Our Vitual online store s indeed Malaysia’s First online store for NGV. We also have a dedicated TOLLFREE number 1300 88 77 66 to serve to serve you around the clock.

Click here for our contact details

NGV

Italia NGV is a reliable and professional NGV installer in Malaysia. Please call us at 015-48409252 or 012-7826252

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Petronas signs up with Gas Today

ASEAN LNG Trading (ALTCO), a subsidiary of Petronas, has inked a LNG sale and purchase agreement with Woodside Petroleum for the supply of uncommitted cargoes from the Pluto Gas Project, in Western Australia.
The agreement, through to 2014, involves the sale of 19 cargoes of LNG to ALTCO and is in addition to the existing LNG sale and purchase agreements with foundation customers Kansai Electric and Tokyo Gas. LNG facilities for the Pluto Gas Project will involve a single LNG production train at the Burrup LNG Park with forecast production of 4.3 MMt/a, with second and third trains expected to be added. Gas will be sourced from the Pluto and Xena fields located approximately 190 km northwest of Karratha, and piped to the trains via a 180 km, 914 mm offshore pipeline.

Malaysia – the No.2 liquefied natural gas exporter

Malaysia will likely ship less to top buyers in Asia, leading to less export revenues for the trade-reliant Southeast Asian country and forcing its customers to look elsewhere.

The presentation by government minister Idris Jala at an industry conference gave no further details on its future LNG import needs in the next few years.

“I think you are going to increasingly see Malaysia become a portfolio player because it reduces their own contract risk,” Di Brookman, an analyst with CLSA in Sydney said.

“They have to import gas to make up for what is increasingly a hard feedstock to find.”

Malaysia last month raised natural gas prices to cope with higher demand and a ballooning subsidy bill.

As its domestic gas needs grow, Malaysia’s state oil firm Petronas will likely begin to depend more heavily on a global portfolio of gas supplies to meet its existing contracts with major buyers like Japan and Korea.
Malaysia is the top supplier of LNG to Japan, the world’s number one importer of the supercooled fuel. South Korea also depends heavily on Malaysia, its third largest supplier after Qatar and Oman, for its LNG supply.
Petronas will likely draw on supplies from its Gladstone LNG project in Australia and their newly acquired stake in Energy Resources Corp’s Canadian shale gas assets to fill both domestic and export needs, Brookman said.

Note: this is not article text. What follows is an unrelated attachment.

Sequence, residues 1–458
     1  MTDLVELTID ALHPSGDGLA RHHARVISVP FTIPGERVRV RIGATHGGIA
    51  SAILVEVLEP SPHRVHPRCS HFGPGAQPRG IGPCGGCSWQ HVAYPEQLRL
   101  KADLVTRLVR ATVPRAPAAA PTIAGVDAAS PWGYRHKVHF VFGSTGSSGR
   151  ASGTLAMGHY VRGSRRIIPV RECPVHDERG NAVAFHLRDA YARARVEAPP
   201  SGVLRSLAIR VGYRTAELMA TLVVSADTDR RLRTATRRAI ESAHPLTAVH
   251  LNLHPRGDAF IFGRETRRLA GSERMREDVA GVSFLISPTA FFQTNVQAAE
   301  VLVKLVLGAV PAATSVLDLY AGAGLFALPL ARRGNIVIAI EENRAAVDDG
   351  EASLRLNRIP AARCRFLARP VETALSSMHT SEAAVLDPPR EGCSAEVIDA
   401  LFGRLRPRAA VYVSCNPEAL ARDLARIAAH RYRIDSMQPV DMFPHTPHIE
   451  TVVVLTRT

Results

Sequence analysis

State power firm Tenaga Nasional has said Malaysia’s electricity demand is set to rise 5 percent this year as the economy expands. In the first quarter of 2011, gross domestic product rose 4.6 percent on year.
Malaysia relies on a mix of coal, LNG and hydro power for its electricity needs. Capacity expansion is vital for Malaysia because the country would have to tap into its reserve power capacity in 2015 if no new generating sources are established by then.

Higher power demand will lead to less export earnings for Malaysia, which derives about 5-7 percent of its total exports from LNG shipments.

its existing contracts with major buyers like Japan and Korea.

Malaysia is the top supplier of LNG to Japan, the world’s number one importer of the supercooled fuel. South Korea also depends heavily on Malaysia, its third largest supplier after Qatar and Oman, for its LNG supply.
Petronas will likely draw on supplies from its Gladstone LNG project in Australia and their newly acquired stake in Energy Resources Corp’s Canadian shale gas assets to fill both domestic and export needs, Brookman said.

State power firm Tenaga Nasional has said Malaysia’s electricity demand is set to rise 5 percent this year as the economy expands. In the first quarter of 2011, gross domestic product rose 4.6 percent on year.

Malaysia relies on a mix of coal, LNG and hydro power for its electricity needs. Capacity expansion is vital for Malaysia because the country would have to tap into its reserve power capacity in 2015 if no new generating sources are established by then.

Higher power demand will lead to less export earnings for Malaysia, which derives about 5-7 percent of its total exports from LNG shipments.

NGV gas to last another 250 years

Natural gas was one of the main topics touched on by Dr Birol, who spoke at the Energy Market Authority’s (EMA) Distinguished Speaker Programme, which was attended by nearly 300 industry players in the energy sector.

Sharing key findings from IEA’s special report, “Are We Entering a Golden Age of Gas?” Dr Birol said that the building of an LNG terminal in Jurong Island was “very timely”.